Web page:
21 July 1999
Dear Mr Stothard,
Enough is enough. When I agreed to have breakfast with you and Lord Bell six weeks ago, I listened carefully to your allegations and answered all the points you raised. You told me that I had given a good account of myself and I had expected to hear little more about it. How wrong I proved to be!
Since that time, there has been an almost constant stream of inflammatory articles in The Times about me, about Belize, and about organisations with which I am connected.
I have tried to be reasonable. My lawyers have written to you day after day asking you at least to have the decency to check the facts with me before you publish. You have consistently refused to do so.
Instead, we have witnessed perhaps the most one-sided, partial and coloured account of anyone's affairs ever produced by a newspaper in a free country. You print deliberately selective quotes, you twist every detail and comment. You are the spin doctor in this sorry saga.
Everything that fails to fit the construction which you have chosen to place upon events is ignored, even official statements from the government of Belize, the US State Department and the governor of the Central Bank of Belize. Over the years, I have developed a thick skin and, until now, I have been able to ignore your allegations. But in the last 24 hours you have gone too far. As you well know, I established Crimestoppers and I have been chairman of Action on Addiction. I do not condone crime, and in particular I do not condone drug trafficking.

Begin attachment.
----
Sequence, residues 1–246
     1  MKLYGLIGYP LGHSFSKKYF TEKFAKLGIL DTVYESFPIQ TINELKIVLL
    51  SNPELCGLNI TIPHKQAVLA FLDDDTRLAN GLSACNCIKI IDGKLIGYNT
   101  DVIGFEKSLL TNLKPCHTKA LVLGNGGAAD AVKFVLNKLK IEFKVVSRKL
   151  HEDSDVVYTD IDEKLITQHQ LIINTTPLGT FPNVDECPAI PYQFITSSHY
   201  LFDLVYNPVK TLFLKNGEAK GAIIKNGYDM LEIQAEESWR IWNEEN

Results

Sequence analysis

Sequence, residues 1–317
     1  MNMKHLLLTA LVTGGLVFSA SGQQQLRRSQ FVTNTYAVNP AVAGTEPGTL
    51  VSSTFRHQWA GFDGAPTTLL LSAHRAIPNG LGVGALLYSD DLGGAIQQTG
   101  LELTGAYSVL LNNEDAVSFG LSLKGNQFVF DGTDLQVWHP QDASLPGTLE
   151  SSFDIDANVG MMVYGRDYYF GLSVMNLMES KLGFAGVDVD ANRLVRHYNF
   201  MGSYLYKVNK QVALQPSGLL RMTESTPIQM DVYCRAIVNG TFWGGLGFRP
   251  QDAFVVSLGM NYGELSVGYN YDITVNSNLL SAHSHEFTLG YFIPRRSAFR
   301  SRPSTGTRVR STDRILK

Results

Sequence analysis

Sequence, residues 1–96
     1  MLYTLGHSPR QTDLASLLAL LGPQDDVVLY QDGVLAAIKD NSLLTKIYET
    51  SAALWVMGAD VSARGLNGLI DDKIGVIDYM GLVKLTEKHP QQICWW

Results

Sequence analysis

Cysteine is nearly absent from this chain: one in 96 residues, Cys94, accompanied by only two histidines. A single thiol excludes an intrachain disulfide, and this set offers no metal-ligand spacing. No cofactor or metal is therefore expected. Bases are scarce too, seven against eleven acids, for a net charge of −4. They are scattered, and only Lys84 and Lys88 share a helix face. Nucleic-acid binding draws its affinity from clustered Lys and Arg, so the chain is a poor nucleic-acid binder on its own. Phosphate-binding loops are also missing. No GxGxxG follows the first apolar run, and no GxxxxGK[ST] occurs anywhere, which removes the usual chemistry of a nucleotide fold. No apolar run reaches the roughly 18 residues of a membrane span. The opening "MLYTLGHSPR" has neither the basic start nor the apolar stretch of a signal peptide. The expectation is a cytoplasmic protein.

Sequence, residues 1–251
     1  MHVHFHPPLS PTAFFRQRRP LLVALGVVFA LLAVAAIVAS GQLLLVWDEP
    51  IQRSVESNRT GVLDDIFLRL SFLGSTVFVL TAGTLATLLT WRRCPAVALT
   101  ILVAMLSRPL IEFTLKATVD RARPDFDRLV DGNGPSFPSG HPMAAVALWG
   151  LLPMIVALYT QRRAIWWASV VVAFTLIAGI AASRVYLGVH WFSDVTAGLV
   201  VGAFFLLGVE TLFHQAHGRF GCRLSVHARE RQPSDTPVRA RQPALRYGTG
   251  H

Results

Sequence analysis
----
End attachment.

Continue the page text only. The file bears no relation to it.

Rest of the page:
I have nothing to hide. On Sunday, my lawyers wrote to you asking you to publish the infamous DEA reports in full. You declined to do so. Instead, we were last night warned by one of your journalists that a Labour MP had been set up to ask questions in the House today about me. Step forward Peter Bradley.
This morning, you published more about me, making it perfectly clear to your readers what you consider my track record to be on both drug trafficking and money laundering. This was followed, as planned, by Peter Bradley's performance in the House of Commons.
This co-ordinated campaign - this conspiracy - to smear me at a crucial point in the run-up to an important by-election is disgusting.
I have asked myself the question, why is The Times doing this? Until last night, I was unable to find an answer. But I learn from one of your journalists that, following your failure to prevent Greg Dyke's recent appointment, you have told your colleagues that instead you intend to get me.
I have no intention of allowing you to get me. I am this afternoon issuing a writ against you, your employers and two of your journalists.
Michael A AshcroftReuse content